Saturday, February 17, 2007

Senate ducks debate on 'surge'

After a brutal week of listening to Republicans in the House of Representatives struggle to defend the Bush administration’s “surge” strategy, Republicans in the Senate have voted to spare themselves the same embarrassment. AP reports:

“...For the second time in two weeks, the Senate voted not to debate a non-binding measure that would repudiate Bush's recent decision to send 21,500 troops to Iraq to bolster security in Baghdad and Anbar province. The Democrats had wanted to bring the measure to the floor but failed to overcome Republican resistance. The vote was 56 in favor and 34 against. Under Senate rules, 60 votes were needed to bring the resolution to the floor for debate.”

I listened to a lot of the debate in the House and I found it to be quite entertaining. Perhaps that’s due in some part to the fact I agree with the side that prevailed. But in a larger sense I am glad to see such matters being discussed on live television with a record being made of where and how each speaker stood.

Therein can probably be found the biggest reason the Republican senators blocked the debate from reaching their floor. The unlucky Republicans still defending Bush’s folly, who are running for office next year, do not want to supply their opponents in primaries and general elections with footage of them saying things in 2007 that will sound awful in 2008, when support for the failed Bush policy in Iraq may be down to 15 to 20 percent.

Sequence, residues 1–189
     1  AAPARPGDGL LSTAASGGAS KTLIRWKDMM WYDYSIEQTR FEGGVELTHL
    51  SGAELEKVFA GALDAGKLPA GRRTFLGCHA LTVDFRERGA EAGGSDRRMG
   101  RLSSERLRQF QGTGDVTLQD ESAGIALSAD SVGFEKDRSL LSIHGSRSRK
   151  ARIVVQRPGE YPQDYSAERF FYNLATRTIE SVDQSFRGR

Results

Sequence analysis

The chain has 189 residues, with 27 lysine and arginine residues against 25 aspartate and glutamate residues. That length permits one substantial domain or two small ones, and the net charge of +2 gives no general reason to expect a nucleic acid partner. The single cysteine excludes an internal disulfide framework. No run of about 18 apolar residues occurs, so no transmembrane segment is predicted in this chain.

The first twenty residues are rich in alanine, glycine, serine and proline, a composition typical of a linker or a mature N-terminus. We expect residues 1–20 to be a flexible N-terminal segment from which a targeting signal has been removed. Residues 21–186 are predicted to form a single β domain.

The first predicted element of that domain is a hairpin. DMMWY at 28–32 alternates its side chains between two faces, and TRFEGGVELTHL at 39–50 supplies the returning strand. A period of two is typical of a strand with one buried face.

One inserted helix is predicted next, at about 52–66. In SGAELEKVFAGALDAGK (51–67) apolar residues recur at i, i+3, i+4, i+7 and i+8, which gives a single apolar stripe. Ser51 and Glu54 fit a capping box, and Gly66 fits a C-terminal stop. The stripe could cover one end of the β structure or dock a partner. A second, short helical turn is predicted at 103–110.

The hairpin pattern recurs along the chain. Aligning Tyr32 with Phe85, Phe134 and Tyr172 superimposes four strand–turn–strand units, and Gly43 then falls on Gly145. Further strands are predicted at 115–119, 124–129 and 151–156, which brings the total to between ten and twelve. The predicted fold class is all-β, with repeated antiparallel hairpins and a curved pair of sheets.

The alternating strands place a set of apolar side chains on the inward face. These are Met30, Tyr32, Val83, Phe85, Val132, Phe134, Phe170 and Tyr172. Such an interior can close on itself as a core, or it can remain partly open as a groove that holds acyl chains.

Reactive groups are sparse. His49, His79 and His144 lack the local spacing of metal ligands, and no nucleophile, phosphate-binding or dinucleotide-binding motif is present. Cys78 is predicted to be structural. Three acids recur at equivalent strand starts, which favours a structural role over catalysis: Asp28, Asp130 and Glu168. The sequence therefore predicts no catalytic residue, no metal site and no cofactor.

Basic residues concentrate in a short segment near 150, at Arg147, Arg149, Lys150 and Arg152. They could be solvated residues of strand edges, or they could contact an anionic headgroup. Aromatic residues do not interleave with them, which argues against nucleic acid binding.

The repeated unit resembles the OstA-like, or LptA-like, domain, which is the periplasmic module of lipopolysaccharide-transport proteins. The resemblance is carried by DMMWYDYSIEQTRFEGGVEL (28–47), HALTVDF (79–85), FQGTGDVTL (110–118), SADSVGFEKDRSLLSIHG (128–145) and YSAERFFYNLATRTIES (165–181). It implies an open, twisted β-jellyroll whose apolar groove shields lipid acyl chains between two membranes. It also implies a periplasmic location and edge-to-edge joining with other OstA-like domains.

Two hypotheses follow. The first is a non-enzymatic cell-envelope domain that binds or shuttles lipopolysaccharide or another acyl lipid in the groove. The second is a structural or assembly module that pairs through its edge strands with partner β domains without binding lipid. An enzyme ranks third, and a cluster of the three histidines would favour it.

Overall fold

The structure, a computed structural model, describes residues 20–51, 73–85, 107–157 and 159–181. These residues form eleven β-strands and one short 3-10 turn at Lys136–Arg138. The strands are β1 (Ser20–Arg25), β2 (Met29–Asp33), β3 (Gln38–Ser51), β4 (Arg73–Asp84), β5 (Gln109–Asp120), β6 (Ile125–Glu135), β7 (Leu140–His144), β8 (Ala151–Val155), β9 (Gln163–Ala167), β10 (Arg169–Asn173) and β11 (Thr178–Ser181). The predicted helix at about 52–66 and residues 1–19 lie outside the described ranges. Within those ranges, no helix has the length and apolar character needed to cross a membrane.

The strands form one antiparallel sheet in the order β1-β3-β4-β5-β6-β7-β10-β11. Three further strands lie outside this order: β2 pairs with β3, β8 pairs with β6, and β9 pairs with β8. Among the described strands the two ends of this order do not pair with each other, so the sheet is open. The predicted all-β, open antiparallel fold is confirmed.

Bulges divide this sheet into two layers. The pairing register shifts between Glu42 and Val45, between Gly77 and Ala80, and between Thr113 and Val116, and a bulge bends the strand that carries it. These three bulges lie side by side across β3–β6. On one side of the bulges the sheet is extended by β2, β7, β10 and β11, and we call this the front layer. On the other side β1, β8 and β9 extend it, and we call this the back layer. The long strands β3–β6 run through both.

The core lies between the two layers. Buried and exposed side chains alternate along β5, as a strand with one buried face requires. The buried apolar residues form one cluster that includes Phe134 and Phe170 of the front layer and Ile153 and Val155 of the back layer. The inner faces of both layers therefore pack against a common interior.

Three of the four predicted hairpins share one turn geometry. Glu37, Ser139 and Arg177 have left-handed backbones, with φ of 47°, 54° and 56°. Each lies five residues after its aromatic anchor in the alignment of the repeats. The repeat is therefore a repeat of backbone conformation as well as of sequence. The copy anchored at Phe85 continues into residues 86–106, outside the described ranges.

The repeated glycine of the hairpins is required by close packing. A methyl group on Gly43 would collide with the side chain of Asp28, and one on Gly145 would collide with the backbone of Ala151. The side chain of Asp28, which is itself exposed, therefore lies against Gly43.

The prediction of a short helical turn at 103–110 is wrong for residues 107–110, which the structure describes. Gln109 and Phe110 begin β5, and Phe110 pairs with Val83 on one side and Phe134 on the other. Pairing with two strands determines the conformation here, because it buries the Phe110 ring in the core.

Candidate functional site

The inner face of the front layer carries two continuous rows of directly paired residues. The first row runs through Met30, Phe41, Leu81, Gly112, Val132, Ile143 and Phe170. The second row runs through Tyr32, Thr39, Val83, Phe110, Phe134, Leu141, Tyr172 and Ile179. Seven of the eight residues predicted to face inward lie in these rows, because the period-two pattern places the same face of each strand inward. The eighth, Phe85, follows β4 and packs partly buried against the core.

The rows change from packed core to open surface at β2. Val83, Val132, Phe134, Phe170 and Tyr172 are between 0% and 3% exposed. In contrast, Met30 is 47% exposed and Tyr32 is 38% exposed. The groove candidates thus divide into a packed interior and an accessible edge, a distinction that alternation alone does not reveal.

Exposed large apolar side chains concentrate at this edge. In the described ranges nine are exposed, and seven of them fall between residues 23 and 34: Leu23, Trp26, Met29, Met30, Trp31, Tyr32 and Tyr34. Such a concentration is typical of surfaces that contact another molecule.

Eoghann said...

How is it that something described as "non-binding" can be called a success? Wouldn't you agree that something that's "non-binding" could also be called "meaningless?"

F.T. Rea said...


No, I do not agree. I heard that said many times from the Republicans during the debate in the House. Having each legislator go on the record, now, for the first time since 2002, is important and quite useful.

To me the debate showed the world that democracy, the will of the people, is thriving in the USA. And, I have no doubt that the American voters do not support the "surge" as a solution to our problem in Iraq.

Eoghann said...

But whether you agree with the surge or not, if the purpose of the exercise was simply to put congress on record, then it seems much to do about nothing. Posturing for the next election.

I think that if they're going to go on record, then why not make it binding? I'd think that the opponents of the war or the "surge" would simply want the Dems to do what was now in their power to do, end it. Stop the funding, hold Bush's feet to the fire, and make him bring the troops home.

But we both know that's not going to happen; like voting on anything related to Social Security. It's simply not how things are done in Washington. Just more of the same politics as usual.

F.T. Rea said...


Politicians do politics. I don’t know why anyone would expect Democratic legislators to stop being politicians, just because they have taken control of Congress away from the Republicans.

My sense of what the Democrats are doing is that they want to move step-by-step. Having the resolution debate on television aired out the arguments from both sides of the aisle for all to see and hear. The Democratic leadership must have believed that process would benefit their side of it.

I think they’re right. Going for the most extreme measures first would have been a strategic mistake.

Also, by moving in a deliberate way -- by holding more hearings and looking more deeply into the problems associated with Bush’s policy in Iraq -- the Democrats don’t come off as a pack of hotheads, just looking to make trouble. But anyone who wants the Democrats to stop acting like politics matter, too, is hoping for something more than solutions. They are looking for miracles.